The radial bow and the relations between the proximal and distal radio-ulnar joints comprise a complex 3-dimensional functional unit. Even small deformities caused by fracture malunion can result in significant functional impairment.
As anatomical restoration is so important to function, any forearm shaft fracture is considered equivalent to an articular fracture. For this reason, forearm fracture treatment in adults is generally surgical.
2. Timing of surgery
Isolated forearm shaft fractures should be treated, as with most diaphyseal fractures, as soon as possible. Consideration has to be given to factors such as soft tissues. While open fractures are usually best treated immediately, surgical treatment of closed fractures with severe soft-tissue compromise should be delayed if necessary.
In polytrauma patients, forearm fracture treatment is not part of the immediate operative long bone fracture stabilization. Fracture reduction and fixation should be delayed until after the patient’s general condition has stabilized.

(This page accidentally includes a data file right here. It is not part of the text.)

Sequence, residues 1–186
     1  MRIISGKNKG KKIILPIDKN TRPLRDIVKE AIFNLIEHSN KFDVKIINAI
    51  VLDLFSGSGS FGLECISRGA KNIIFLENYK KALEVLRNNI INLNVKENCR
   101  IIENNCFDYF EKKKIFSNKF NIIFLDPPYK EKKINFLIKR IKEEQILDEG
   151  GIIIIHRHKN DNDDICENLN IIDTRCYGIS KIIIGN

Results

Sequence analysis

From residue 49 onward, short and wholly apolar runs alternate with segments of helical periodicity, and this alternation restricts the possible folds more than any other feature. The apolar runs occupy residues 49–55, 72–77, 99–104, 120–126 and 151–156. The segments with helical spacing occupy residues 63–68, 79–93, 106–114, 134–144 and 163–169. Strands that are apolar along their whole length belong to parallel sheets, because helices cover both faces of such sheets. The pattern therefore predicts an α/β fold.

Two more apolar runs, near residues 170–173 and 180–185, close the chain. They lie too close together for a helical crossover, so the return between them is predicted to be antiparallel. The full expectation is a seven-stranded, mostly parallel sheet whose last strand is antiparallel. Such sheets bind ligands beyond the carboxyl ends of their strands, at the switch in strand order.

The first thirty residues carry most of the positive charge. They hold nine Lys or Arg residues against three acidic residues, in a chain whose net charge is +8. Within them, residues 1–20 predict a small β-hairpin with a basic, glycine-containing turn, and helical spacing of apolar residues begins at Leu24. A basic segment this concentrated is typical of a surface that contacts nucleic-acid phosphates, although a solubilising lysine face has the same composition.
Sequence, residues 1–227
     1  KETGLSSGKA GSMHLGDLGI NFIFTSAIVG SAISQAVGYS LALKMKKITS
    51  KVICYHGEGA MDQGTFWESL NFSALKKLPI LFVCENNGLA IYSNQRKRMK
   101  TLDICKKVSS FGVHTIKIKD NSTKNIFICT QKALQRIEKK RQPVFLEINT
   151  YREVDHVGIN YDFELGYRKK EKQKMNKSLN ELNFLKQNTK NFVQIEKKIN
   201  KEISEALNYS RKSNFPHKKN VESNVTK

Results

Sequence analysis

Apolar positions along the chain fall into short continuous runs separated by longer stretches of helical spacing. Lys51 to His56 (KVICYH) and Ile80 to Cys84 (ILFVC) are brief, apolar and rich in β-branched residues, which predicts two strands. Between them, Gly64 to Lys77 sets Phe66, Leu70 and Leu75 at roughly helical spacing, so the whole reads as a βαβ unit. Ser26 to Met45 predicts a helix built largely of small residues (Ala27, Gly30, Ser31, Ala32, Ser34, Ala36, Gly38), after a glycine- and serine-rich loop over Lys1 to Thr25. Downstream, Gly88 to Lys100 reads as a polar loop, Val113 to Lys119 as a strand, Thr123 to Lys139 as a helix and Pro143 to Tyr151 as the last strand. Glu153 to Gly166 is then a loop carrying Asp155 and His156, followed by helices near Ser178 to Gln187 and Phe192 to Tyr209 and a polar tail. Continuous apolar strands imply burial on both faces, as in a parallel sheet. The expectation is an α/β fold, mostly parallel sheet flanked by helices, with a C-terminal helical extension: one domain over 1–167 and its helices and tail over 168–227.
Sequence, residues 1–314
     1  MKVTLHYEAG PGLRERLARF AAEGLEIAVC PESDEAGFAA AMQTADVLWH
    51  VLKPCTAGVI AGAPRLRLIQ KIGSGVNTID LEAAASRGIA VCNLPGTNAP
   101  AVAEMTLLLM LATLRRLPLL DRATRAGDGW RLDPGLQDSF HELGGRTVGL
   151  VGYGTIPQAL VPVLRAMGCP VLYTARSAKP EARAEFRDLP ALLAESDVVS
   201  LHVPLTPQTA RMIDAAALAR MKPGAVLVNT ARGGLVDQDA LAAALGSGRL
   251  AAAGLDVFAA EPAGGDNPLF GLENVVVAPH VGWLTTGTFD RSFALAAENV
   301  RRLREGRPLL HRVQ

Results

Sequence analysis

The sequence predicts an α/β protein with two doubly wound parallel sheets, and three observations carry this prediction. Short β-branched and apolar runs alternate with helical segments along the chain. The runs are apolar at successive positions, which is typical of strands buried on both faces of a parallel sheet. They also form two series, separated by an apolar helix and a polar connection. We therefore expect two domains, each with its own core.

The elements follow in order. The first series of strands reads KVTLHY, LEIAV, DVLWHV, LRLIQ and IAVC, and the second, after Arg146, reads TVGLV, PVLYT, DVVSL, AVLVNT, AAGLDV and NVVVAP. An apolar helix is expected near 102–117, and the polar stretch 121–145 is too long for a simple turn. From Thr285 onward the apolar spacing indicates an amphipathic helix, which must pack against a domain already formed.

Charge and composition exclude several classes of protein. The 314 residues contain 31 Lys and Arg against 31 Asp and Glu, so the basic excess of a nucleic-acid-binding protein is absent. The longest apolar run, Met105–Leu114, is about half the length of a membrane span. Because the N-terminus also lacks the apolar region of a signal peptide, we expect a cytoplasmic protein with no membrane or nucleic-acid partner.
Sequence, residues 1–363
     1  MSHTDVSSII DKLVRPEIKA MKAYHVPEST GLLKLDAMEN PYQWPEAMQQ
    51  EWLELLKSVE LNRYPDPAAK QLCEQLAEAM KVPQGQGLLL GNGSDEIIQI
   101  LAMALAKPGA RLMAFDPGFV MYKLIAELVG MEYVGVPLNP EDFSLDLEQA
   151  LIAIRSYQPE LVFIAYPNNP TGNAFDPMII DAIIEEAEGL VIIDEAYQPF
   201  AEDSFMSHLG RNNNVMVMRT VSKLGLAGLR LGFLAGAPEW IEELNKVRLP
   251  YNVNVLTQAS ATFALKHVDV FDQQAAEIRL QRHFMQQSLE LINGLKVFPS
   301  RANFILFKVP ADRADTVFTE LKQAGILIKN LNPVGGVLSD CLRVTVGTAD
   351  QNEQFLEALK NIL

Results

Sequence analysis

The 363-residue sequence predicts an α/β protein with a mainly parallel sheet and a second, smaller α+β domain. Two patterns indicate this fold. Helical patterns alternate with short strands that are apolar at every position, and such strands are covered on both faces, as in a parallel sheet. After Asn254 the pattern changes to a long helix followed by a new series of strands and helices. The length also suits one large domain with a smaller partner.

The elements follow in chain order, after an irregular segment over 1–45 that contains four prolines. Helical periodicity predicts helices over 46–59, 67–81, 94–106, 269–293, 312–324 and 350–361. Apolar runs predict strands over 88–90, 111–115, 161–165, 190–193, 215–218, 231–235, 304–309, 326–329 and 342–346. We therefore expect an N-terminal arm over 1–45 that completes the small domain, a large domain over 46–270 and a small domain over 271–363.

Prolonged delay in fixation might result in a more difficult and technically more demanding procedure, due to soft-tissue contracture and early callus formation.
3. Radial nerve
The course of the radial nerve in the forearm is of special consideration due its vulnerability during certain surgical approaches.
The common radial nerve enters the proximal part of the forearm lateral to the distal biceps and then bifurcates on the anterior aspect, forming a superficial and a deep branch. The deep branch enters the supinator muscle via the arcade of Frohse and crosses from the anterior to the posterior aspect of the forearm, as it curves around the neck of the radius within the substance of the supinator. The deep radial nerve (posterior interosseous nerve) is to be protected in the proximal part of the forearm in both the anterior and posterolateral approaches. In the distal part of the forearm, the subcutaneous superficial radial nerve must be protected.
4. Age of patient
Forearm shaft fractures in pediatric patients are often treated with elastic nails, whereas adult patients are normally treated with plates. Adolescent patients (close to closure of growth plate) remain subject to individual solutions; some adolescents are similar to pediatric patients, whereas others are closer to adults. Individual solutions should be tailored according to patients age, size, and growth potential. While younger, smaller adolescent patients with open physes can be treated with elastic nails, mature, bigger adolescent patients should be treated by internal fixation using plates.
For treatment of pediatric injuries, see the pediatric trauma section of AO Surgery Reference.